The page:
• [14] Two Audio Interviews with Martin Amis: 1985 (23 min 22 s) and 1990 (32 min 4 s) RealAudio
  • [15] Martin Amis, The New York Times: Reviews of Martin Amis's earlier books; articles about and by Martin Amis
  • [16] Authors in the front line: Martin Amis, The Sunday Times Magazine, February 06, 2005 – On the streets of Colombia, young boys cripple or murder each other just for showing disrespect or for winning at a game of cards. Is the taste for violence opening up a wound that can never heal? Report: Martin Amis – In The Sunday Times Magazine's continuing series of articles, renowned writers bring a fresh perspective to the world's trouble spots. The international medical-aid organisation MSF has helped our correspondents reach some of these inhospitable areas.
  • [17] CareerMove - A complete short story by Amis.
  • [18] Hendon Mob Poker Tournament Results

  Results from FactBites:
 
Martin Amis - Wikipedia, the free encyclopedia (1200 words)
Martin Amis (born August 25, 1949) is a British novelist.
The unparalleled size of the advance demanded and obtained by Amis for The Information attracted what Amis described as "an Eisteddfod of hostility" from writers and critics after he left his agent of many years, Pat Kavanagh, in order to be represented by the Harvard-educated Andrew "The Jackal" Wylie.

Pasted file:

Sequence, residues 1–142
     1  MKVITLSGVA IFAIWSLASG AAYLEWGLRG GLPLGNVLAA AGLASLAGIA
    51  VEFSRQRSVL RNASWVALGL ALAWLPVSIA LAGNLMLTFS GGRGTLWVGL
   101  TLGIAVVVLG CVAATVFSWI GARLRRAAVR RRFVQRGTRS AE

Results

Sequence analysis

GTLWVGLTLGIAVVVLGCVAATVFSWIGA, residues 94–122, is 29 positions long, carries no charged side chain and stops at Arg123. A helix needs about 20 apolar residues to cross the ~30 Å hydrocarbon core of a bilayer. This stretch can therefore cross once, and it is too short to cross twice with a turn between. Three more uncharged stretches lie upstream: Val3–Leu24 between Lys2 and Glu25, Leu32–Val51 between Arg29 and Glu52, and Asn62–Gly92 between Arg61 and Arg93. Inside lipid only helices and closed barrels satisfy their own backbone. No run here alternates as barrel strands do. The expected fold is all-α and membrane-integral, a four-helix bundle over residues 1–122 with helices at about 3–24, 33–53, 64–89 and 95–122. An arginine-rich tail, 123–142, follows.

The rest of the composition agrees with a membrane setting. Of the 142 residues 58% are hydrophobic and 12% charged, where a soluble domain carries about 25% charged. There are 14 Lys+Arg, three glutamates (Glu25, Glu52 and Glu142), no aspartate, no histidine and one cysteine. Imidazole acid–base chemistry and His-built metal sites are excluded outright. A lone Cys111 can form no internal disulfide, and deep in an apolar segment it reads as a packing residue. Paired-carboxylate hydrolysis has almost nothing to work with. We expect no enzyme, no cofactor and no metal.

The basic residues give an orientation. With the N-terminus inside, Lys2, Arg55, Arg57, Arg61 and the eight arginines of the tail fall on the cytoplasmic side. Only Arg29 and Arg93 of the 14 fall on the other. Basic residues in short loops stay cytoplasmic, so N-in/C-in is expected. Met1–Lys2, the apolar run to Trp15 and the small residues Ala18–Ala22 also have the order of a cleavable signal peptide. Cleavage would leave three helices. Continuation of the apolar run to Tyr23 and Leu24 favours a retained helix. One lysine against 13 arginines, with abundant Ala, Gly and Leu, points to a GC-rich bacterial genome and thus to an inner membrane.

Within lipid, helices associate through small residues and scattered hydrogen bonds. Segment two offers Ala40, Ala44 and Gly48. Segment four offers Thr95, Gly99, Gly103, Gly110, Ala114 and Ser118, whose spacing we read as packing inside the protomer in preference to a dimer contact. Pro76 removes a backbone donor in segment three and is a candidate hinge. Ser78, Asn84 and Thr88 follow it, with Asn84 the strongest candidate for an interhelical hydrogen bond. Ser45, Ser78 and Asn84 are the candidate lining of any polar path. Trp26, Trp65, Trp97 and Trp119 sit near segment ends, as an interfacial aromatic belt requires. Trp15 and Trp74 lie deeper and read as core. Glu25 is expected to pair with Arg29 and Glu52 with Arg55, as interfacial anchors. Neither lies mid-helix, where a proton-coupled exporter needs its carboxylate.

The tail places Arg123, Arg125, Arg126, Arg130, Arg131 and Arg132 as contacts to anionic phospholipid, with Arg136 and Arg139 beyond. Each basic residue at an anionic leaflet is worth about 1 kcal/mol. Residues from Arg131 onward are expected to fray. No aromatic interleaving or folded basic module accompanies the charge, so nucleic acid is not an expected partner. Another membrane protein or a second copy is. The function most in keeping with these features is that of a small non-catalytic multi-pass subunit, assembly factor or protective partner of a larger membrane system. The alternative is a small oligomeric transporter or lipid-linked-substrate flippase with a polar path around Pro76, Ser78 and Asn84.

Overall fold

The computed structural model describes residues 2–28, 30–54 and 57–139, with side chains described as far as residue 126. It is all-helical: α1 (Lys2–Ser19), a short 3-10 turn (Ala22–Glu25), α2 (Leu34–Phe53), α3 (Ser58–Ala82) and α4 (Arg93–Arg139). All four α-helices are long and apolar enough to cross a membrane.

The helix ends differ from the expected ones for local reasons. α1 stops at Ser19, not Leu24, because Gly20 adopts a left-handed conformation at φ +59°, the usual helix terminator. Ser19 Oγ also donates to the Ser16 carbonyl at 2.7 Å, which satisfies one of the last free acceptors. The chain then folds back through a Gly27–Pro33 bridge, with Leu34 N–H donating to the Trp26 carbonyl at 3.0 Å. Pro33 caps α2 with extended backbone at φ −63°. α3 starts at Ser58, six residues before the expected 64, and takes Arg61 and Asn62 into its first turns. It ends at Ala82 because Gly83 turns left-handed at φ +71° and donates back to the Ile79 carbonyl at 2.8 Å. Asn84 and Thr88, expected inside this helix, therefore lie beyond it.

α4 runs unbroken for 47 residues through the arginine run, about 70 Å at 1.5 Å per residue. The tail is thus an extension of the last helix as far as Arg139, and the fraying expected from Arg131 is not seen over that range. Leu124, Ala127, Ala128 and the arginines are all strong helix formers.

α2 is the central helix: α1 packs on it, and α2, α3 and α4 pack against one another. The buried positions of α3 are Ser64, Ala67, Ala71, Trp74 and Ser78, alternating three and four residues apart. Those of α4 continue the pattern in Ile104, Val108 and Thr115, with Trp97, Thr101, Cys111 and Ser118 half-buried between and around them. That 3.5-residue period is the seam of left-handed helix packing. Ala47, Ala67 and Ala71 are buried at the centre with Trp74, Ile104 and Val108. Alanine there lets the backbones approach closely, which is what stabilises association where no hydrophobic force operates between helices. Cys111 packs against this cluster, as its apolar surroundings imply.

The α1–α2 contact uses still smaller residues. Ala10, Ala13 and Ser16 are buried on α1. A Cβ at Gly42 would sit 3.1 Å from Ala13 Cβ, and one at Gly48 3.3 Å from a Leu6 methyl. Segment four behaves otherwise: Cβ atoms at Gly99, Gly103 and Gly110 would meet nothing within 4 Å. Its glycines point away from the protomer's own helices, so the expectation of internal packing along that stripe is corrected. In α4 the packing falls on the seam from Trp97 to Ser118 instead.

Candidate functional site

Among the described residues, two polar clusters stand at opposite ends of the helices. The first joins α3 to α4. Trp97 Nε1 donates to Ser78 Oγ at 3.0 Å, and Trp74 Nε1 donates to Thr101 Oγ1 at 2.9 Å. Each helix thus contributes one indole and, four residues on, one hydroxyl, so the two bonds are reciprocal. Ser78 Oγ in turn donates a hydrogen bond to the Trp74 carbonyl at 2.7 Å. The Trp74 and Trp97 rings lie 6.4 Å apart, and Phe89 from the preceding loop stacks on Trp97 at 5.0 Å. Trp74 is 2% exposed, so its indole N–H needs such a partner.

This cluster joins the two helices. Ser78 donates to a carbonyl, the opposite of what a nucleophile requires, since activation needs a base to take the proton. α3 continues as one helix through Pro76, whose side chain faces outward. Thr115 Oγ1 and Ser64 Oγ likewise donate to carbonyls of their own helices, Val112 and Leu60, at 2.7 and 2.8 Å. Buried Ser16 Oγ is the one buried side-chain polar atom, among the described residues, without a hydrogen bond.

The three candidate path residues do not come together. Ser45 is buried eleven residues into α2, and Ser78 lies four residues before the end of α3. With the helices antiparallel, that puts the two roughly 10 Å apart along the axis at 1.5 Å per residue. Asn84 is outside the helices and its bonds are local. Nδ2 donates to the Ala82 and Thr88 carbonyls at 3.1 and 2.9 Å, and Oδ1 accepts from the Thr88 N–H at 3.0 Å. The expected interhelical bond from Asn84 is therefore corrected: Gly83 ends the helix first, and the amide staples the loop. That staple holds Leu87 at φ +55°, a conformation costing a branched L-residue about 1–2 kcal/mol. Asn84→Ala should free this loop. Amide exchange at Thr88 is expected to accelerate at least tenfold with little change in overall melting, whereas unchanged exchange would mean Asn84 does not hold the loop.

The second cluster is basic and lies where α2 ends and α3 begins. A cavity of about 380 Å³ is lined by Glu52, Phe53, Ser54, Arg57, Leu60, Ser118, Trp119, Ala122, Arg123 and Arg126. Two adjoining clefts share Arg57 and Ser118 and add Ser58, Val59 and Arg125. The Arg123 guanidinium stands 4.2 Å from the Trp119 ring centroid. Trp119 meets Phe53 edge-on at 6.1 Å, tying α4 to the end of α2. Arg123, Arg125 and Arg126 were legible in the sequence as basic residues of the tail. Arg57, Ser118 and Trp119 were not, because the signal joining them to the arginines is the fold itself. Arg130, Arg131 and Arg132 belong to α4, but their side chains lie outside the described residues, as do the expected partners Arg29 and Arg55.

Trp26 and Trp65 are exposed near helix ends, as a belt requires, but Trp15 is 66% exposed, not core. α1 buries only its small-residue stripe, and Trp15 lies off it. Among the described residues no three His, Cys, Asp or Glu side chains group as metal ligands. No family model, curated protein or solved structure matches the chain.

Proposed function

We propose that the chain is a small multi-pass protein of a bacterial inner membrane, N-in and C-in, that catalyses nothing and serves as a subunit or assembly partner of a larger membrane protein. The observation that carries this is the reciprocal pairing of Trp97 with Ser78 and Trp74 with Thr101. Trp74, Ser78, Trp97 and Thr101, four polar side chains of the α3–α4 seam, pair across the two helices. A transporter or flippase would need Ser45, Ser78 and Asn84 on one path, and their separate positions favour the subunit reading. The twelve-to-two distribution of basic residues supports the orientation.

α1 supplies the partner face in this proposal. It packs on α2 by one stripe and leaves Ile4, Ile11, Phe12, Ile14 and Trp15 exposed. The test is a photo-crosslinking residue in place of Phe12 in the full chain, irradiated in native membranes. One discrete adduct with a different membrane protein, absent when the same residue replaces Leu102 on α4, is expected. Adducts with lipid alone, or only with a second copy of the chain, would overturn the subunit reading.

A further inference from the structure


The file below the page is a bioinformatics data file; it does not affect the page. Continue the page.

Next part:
Kavanagh is married to Julian Barnes, with whom Amis had been friends for many years, but the incident caused a rift that is generally regarded to be the inspiration for The Information which features two rival authors.
London Fields (novel) - Wikipedia, the free encyclopedia (704 words)
Regarded by Amis's readership as possibly his strongest novel, the tone gradually shifts from high comedy, interspersed with deep personal introspections and occasional musings on astrophysics, to a dark sense of foreboding and, eventually, panic as the deadline or "horrorday" — the climactic scene alluded to on the very first page — approaches.
Amis explains the title of the novel in his preface, although somewhat obscurely.
Young, normally unable to write good fiction, realises he can simply document the progress towards the murder to create a plausible, saleable, story and enters into a strange relationship with Six where he regularly interviews her and is updated on the "plot".
  More results at FactBites »